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i be not a witch
by rc dewinter
- Artist Notes
- © 2010 RC deWinter ~ All Rights Reserved ~ ~
In 1563, Elizabeth I of England instituted a new, harsher statute allowing for the prosecution of those accused of witchcraft, although England had had laws forbidding it since 1542. ~ ~
While English law did not provide for the torture and burning of persons found guilty, (burning being the punishment for treason) approximately one thousand people - notably women - were were condemned and hanged between 1542 and 1736 (when the last witchcraft laws were removed from the books) for practicing the black arts. ~ ~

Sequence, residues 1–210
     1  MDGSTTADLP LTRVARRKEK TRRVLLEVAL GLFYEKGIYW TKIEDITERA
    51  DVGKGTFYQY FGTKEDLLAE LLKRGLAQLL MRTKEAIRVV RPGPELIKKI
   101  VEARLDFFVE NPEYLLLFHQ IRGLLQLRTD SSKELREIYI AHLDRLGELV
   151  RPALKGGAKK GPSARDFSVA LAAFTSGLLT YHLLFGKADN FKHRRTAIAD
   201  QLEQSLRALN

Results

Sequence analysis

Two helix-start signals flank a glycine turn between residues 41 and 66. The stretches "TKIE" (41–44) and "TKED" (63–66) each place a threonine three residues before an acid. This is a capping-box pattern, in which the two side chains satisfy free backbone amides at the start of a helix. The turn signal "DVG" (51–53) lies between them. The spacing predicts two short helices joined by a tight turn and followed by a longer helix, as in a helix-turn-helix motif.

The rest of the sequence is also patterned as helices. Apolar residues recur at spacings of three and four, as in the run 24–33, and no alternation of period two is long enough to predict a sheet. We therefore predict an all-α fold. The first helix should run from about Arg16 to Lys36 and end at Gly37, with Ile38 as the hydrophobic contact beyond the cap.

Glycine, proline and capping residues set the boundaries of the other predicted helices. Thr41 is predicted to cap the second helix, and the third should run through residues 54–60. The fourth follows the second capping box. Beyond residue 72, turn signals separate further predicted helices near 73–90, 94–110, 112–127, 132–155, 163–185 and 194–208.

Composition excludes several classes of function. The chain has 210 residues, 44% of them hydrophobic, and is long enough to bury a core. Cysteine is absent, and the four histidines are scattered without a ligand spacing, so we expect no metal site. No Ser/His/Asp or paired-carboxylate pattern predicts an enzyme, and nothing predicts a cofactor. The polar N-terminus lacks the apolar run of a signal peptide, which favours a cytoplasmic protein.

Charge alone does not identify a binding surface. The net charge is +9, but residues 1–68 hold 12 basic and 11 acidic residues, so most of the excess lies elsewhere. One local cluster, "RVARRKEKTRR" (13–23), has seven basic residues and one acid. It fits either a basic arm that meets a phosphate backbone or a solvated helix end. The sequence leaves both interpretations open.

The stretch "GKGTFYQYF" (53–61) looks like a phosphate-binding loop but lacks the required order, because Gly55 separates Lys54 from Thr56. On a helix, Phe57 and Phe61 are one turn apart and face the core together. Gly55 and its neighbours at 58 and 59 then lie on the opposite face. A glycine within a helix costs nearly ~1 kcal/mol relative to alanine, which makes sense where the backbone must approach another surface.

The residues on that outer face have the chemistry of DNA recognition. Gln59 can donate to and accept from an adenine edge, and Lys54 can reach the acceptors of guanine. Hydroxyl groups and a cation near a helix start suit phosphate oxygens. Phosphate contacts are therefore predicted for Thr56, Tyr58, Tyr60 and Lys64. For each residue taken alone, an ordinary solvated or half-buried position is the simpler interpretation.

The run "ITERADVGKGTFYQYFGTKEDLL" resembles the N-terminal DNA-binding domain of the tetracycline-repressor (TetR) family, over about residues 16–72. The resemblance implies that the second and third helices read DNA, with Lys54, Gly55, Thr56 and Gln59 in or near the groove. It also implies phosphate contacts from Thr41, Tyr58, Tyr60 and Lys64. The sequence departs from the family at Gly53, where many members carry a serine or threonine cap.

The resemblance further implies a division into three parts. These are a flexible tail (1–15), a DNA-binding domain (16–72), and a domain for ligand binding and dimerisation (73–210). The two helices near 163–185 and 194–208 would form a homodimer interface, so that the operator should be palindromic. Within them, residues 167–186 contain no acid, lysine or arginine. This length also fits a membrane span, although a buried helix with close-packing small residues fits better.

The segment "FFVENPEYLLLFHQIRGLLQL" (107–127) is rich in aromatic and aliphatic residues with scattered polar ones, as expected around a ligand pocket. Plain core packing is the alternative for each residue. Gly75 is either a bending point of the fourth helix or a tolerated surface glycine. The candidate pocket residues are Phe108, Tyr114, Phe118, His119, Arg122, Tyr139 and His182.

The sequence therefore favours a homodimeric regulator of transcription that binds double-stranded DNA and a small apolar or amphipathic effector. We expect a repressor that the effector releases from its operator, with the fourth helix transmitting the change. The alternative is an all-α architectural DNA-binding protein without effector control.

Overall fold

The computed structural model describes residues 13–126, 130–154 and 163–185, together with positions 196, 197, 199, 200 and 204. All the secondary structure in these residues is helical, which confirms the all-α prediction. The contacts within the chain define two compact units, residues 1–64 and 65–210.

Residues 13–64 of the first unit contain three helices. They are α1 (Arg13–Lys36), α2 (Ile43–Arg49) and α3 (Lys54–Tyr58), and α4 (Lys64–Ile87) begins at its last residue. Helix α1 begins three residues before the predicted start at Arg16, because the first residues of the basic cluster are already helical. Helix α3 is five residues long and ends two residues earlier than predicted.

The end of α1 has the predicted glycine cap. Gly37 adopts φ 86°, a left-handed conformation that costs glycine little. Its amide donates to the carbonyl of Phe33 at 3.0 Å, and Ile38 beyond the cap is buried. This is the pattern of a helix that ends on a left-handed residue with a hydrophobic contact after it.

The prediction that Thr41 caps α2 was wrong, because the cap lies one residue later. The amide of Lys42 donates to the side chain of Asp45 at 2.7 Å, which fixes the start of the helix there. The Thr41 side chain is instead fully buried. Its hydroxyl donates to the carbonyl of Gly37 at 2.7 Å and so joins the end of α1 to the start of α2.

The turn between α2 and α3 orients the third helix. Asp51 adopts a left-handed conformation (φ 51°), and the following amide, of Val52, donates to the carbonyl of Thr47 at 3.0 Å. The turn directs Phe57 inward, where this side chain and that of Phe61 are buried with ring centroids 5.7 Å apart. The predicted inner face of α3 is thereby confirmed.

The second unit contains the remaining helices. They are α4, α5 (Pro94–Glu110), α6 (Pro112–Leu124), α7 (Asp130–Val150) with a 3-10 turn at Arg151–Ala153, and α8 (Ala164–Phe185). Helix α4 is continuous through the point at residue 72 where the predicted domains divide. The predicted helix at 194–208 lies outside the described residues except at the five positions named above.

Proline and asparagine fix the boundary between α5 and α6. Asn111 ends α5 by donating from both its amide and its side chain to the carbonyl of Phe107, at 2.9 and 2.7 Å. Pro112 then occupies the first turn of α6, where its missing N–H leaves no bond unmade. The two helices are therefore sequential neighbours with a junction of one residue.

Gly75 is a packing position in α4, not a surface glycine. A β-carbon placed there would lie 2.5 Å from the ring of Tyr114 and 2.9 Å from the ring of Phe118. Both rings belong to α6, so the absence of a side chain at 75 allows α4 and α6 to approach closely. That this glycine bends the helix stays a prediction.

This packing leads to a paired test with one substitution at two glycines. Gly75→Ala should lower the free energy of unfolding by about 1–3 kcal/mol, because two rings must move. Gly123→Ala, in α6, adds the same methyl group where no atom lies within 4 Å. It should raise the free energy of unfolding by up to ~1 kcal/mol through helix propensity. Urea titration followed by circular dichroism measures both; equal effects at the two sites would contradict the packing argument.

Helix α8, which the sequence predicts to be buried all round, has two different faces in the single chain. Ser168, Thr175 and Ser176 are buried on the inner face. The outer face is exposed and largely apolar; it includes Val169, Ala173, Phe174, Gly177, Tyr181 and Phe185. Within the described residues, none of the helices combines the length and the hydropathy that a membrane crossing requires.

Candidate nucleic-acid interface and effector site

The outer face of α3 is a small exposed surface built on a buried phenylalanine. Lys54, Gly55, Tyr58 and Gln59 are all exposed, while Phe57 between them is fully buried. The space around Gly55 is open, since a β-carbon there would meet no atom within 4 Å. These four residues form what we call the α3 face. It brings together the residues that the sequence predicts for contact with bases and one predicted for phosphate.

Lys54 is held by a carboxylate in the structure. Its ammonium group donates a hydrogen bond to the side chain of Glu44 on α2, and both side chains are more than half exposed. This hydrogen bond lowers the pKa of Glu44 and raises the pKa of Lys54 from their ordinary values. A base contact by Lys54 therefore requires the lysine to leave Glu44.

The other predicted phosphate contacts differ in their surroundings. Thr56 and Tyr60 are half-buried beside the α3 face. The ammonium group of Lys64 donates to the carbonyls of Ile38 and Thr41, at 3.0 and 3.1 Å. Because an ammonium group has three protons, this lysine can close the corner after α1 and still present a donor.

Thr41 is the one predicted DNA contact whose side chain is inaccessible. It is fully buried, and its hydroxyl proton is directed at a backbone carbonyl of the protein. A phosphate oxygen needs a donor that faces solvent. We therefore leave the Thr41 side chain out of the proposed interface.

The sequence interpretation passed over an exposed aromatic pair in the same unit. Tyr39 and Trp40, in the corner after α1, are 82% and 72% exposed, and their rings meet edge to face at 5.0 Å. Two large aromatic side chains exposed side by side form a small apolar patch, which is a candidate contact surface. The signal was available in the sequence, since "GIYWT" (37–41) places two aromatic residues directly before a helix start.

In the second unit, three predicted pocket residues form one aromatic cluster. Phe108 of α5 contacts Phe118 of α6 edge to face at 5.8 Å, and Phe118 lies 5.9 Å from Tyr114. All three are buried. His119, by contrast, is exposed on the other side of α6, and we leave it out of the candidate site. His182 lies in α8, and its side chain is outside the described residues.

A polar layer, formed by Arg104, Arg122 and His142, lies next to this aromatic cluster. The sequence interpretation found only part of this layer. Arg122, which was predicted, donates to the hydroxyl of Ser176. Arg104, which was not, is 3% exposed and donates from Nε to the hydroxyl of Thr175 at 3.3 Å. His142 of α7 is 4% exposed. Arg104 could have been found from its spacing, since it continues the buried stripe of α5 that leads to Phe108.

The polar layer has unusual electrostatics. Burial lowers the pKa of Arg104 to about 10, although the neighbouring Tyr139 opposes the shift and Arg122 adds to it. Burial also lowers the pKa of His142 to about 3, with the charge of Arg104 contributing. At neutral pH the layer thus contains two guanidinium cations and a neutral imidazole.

'Possessed' children were often the accusers of those unfortunates tried as witches; sometimes neighbors involved in land or other disputes leveled charges against their adversaries; sometimes old, destitute women were accused of witchcraft simply because they mumbled to themselves or kept a cat or some other pet, the animal being declared a 'familiar' of Satan. In other cases, people born with an unusual mole or birthmark in the shape of a star or some other recognizable, potentially magickal symbol were thought to be 'marked' by the devil and arrested as well. ~ ~
Here, young Agnes Hansart sits, fearful and despondent, in a dark cell, pondering her fate. She has one hand tightly closed about the other, because a rival for the affections of a village youth has claimed that the crescent-shaped scar on one of the fingers of her right hand is the mark of Satan. In reality, Agnes had cut herself with a sickle during the family harvest some years before. We can only hope that the magistrates will believe her testimony and that of her father.
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